Abstract—Twitter and Facebook are popular among college
educators. The use of social media in schools of higher learning
has also been the subject of study. The use of social media has
opened up new avenues of contact, collaboration, and
participation between students and teachers. Accepting
students and educators who make use of technological tools to
do so requires insight into the factors that shape their
propensity to do so. Using the Technology Acceptance Model
(TAM) framework, which highlights perceived ease of use,
perceived usefulness, and behavioral intention to use new
technologies, this paper investigates the extent to which
Nigerians are adopting social networking media for e-learning.
Quantitative studies made use of surveys. Teachers and
students from four different Nigerian schools participated in
this survey. The suggested model factors were predicted using
structural equation modeling (SEM). Intentions to utilize social
media for e-learning by students and faculty at Nigerian
institutions were shown to be impacted by these factors:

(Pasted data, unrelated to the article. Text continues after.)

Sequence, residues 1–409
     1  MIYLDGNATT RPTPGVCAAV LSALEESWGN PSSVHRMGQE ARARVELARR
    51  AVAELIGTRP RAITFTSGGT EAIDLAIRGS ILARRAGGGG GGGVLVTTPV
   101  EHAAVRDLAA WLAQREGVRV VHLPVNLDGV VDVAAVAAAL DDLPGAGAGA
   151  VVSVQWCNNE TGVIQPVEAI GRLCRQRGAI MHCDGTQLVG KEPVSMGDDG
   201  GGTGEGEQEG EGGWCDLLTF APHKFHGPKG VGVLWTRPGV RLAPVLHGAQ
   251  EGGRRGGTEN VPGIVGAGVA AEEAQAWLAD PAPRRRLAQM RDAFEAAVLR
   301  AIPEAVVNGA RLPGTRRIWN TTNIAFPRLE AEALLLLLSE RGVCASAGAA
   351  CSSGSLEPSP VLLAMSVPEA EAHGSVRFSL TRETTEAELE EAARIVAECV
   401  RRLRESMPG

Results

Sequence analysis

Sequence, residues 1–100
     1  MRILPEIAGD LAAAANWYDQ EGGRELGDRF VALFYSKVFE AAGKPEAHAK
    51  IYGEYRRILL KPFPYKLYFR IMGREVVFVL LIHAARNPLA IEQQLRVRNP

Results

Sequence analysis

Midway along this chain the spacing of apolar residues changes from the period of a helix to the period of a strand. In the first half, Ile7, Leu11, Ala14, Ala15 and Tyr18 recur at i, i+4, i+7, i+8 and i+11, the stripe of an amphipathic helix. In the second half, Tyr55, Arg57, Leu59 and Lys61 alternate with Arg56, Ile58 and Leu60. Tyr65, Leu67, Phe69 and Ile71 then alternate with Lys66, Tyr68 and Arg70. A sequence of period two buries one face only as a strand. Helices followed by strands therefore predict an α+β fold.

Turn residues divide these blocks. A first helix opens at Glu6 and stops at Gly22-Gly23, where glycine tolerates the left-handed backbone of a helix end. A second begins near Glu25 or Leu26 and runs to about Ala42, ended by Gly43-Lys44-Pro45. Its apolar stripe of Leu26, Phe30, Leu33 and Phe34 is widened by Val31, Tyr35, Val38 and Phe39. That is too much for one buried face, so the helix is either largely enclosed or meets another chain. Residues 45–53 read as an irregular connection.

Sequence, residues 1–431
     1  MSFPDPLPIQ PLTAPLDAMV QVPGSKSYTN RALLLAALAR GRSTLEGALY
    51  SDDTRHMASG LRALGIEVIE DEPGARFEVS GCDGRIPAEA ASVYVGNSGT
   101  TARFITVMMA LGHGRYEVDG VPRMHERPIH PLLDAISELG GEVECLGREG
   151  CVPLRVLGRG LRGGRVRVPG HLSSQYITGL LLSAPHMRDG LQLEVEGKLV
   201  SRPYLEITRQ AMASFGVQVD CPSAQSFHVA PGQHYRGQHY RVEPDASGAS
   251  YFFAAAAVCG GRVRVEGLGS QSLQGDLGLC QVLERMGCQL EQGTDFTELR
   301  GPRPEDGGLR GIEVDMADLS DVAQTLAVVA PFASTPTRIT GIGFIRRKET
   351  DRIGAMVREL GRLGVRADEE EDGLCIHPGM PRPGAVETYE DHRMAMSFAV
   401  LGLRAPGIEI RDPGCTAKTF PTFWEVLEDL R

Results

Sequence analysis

perceived ease of use and perceived utility. The research is
limited in that it does not offer any insight into interactive
factors such interaction with research group members and
peers, interaction with supervisors or lecturers, engagement, or
active collaborative learning.
Index Terms—Technology acceptance model, TAM, perceived ease of use, higher education, social media networking.
S. M. Ajibade is with the Department of Computer Engineering, Istanbul Ticaret Universitesi, Instabul, Turkey ORCID ID: 0000-0002-3452-1889.
A. Zaidi is with the Department of Mathematics, College of Science, Qassim University, Buraydah, Qassim, Saudi Arabia ORCID ID: 0000-0003-1305-4959.
Cite: Samuel-Soma M. Ajibade* and Abdelhamid Zaidi, "Technological Acceptance Model for Social Media Networking in e-Learning in Higher Educational Institutes," International Journal of Information and Education Technology vol. 13, no. 2, pp. 239-246, 2023.Copyright © 2023 by the authors. This is an open access article distributed under the Creative Commons Attribution License which permits unrestricted use, distribution, and reproduction in any medium, provided the original work is properly cited (CC BY 4.0).